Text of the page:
What Is Wildlife Forensics and How Does It Help?

Wildlife forensics is a field of criminal investigation wherein science is used to identify and examine evidence from crime scenes where animals have been killed, particularly those that are protected by law. Wildlife forensics plays a crucial role in curtailing the wildlife trade and human-wildlife conflict.

If you’ve watched any crime series in your life, then you are probably familiar with how investigations are conducted and what protocols are followed at a crime scene. Now, picture the same process, but with one big difference… the victim isn’t a human, but an animal. In a nutshell, this is wildlife forensics.

Crime scene investigation(PRESSLAB)s

Wildlife crime investigations are a lot like human crime investigations. (Photo Credit : PRESSLAB/Shutterstock)

Wildlife forensics is a field of criminal investigation wherein science is used to examine evidence from crime scenes where animals have been killed, particularly those that are protected by law. In this regard, poaching is one of the most commonly investigated crimes by wildlife forensic personnel.

Why is there a need for wildlife forensics?

Organized wildlife crime is a huge problem worldwide and one that threatens the survival of many species. From poisoning and electrocuting to shooting and snaring animals, poachers go to extreme lengths to feed the international wildlife trade market.

Whether it is the skin of the tiger, the hair of the mongoose, or the ivory tusks of elephants, everything under the sun is sought after for some reason—medicine, as collective pieces, or for fashion. As a result, many wildlife species are on the brink of extinction.

Combatting illegal wildlife trade

For instance, a recent study reported that 2,359 tigers were seized between 2000 and 2018 across 32 countries. Another found that around 895,000 pangolins were trafficked globally between 2000 and 2019. Wildlife forensics is therefore an important means of combating the illegal trade of wildlife.

Mitigating human-wildlife conflicts

Similarly, wildlife forensics can play a key role in mitigating human-wildlife conflict by helping conservationists identify specific animals that come into conflict with humans.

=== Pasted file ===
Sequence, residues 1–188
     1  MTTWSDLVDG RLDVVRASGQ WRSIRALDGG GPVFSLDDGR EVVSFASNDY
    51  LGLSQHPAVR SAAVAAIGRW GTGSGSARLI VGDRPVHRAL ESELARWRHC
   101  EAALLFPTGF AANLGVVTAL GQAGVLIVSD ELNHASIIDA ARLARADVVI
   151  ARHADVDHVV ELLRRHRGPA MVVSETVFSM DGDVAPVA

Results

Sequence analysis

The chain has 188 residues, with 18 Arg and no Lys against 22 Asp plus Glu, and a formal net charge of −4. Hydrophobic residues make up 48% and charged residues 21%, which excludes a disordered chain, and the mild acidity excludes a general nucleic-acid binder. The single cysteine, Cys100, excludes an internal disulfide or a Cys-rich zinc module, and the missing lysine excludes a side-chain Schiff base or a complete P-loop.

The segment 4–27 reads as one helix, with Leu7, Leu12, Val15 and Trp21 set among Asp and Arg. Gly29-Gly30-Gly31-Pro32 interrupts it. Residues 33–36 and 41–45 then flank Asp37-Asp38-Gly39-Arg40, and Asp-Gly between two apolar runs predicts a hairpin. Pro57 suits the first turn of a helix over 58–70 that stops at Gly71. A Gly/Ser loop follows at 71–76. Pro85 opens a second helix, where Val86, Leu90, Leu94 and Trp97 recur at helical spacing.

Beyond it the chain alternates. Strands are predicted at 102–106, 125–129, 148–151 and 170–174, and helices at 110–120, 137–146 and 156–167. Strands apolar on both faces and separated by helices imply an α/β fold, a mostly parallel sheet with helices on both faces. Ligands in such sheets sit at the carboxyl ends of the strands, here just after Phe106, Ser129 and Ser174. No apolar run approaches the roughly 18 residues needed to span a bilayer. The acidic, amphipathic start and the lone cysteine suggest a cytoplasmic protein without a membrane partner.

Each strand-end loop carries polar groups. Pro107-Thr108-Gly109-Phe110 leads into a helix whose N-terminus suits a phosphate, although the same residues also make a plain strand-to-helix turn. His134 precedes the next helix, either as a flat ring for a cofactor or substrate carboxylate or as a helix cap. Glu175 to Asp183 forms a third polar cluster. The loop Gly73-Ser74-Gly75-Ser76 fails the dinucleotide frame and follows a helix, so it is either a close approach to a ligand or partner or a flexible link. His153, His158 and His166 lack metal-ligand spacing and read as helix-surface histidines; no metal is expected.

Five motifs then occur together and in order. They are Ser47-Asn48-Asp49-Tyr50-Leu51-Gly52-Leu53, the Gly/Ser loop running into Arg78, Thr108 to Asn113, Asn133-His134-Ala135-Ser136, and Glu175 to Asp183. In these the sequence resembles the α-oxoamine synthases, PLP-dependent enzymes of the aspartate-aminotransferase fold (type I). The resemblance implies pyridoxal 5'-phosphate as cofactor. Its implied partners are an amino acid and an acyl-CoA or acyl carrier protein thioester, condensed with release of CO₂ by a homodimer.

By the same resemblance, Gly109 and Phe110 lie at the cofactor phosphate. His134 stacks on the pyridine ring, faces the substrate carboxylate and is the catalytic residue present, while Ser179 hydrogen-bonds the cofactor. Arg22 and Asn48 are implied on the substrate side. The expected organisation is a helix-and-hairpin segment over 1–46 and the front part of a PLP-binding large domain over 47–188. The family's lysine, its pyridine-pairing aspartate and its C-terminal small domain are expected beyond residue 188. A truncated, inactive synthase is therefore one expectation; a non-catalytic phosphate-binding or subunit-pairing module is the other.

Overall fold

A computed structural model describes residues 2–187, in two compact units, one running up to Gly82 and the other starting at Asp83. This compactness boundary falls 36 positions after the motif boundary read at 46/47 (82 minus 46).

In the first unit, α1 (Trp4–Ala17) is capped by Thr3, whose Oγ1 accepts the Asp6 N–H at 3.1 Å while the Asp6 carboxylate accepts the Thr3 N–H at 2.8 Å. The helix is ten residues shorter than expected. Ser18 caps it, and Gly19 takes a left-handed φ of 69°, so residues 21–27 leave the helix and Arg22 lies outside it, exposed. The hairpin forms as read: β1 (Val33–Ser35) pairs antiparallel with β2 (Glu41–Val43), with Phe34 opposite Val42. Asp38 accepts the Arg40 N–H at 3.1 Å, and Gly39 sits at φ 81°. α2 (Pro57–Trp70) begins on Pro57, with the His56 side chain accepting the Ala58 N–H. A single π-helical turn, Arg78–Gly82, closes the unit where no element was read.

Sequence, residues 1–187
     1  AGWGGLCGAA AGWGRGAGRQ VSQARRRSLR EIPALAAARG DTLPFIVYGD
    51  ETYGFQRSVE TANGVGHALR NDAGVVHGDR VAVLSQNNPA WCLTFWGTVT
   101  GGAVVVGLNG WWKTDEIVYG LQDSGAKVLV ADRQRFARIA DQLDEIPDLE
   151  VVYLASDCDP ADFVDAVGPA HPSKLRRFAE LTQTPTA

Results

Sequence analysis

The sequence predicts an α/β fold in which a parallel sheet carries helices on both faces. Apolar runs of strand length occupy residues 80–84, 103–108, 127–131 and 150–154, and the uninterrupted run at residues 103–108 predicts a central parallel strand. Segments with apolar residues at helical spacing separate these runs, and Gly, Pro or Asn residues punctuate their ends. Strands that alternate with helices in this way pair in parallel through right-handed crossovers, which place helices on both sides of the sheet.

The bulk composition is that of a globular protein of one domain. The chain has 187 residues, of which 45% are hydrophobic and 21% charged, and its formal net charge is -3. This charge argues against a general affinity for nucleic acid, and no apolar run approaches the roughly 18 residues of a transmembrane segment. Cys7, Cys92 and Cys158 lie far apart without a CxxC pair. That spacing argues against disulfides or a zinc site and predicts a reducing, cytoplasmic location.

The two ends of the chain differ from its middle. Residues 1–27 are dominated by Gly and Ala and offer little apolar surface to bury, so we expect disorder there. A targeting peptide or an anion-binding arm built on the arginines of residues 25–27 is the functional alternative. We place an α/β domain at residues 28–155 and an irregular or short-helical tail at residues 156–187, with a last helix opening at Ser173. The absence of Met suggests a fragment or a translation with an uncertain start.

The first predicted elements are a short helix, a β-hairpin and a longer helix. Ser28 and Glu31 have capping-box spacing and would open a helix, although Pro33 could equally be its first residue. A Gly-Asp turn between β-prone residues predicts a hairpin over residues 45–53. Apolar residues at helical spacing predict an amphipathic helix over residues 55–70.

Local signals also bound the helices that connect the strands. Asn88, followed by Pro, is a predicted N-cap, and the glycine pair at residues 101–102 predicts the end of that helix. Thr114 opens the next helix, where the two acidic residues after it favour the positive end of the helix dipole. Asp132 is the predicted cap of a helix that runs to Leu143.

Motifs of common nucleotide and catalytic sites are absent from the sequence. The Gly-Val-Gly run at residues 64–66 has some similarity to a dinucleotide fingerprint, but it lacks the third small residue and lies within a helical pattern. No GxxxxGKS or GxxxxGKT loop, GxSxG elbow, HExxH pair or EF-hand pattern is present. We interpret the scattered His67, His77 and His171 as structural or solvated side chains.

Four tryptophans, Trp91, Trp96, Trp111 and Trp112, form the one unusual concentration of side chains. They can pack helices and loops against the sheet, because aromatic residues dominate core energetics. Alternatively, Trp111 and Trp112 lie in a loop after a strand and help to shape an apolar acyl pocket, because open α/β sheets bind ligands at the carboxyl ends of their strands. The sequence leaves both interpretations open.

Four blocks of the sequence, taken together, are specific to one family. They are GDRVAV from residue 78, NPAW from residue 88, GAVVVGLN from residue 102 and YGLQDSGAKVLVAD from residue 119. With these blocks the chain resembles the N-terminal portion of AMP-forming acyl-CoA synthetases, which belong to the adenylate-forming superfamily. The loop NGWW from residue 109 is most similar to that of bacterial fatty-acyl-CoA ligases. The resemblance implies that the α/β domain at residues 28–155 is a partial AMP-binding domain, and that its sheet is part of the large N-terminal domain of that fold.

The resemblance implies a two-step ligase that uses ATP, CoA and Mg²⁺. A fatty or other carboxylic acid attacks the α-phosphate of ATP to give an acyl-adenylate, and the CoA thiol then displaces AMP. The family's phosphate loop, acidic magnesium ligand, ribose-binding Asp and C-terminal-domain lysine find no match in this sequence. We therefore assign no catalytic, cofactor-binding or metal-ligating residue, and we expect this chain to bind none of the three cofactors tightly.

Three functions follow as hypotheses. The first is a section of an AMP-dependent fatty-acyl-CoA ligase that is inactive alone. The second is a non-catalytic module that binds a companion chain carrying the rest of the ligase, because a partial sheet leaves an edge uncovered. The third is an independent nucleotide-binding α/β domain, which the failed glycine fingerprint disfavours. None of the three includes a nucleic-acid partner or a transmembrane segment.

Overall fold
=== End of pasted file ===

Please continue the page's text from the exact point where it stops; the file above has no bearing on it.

Wildlife Forensics

(L and R) Several species are captured and sold openly for medicine, meat, pets and collectibles. (Photo Credit : Signature Message & PRESSLAB/Shutterstock)

How is wildlife forensics conducted?

Wildlife forensic scientists have a lot on their plate. They not only need to identify the species that were killed from the remains, but they also need to identify the perpetrator. Additionally, wildlife forensic experts are also required to determine where the specimen originated from, if it was wild or a captive, as well as its age.

This is usually done by using wildlife forensic methods, wherein different parts of the victim (animal), including its blood, hair, teeth, tissue, claws, tusks, feathers or fur is collected. Sometimes, the weapon (if confiscated) or lethal material (poison, pesticide) is also analyzed. From these sources, DNA is extracted and amplified using PCR techniques and then sequenced.

Most often, mitochondrial DNA (passed from mother to offspring) is used, as it provides the best molecular markers. After sequencing, individual profiling is done wherein microsatellite markers are used to develop the individual’s (victim and/or perpetrator) profile. This profile is extremely useful, as it can not only identify an animal, but also it’s biological relatives.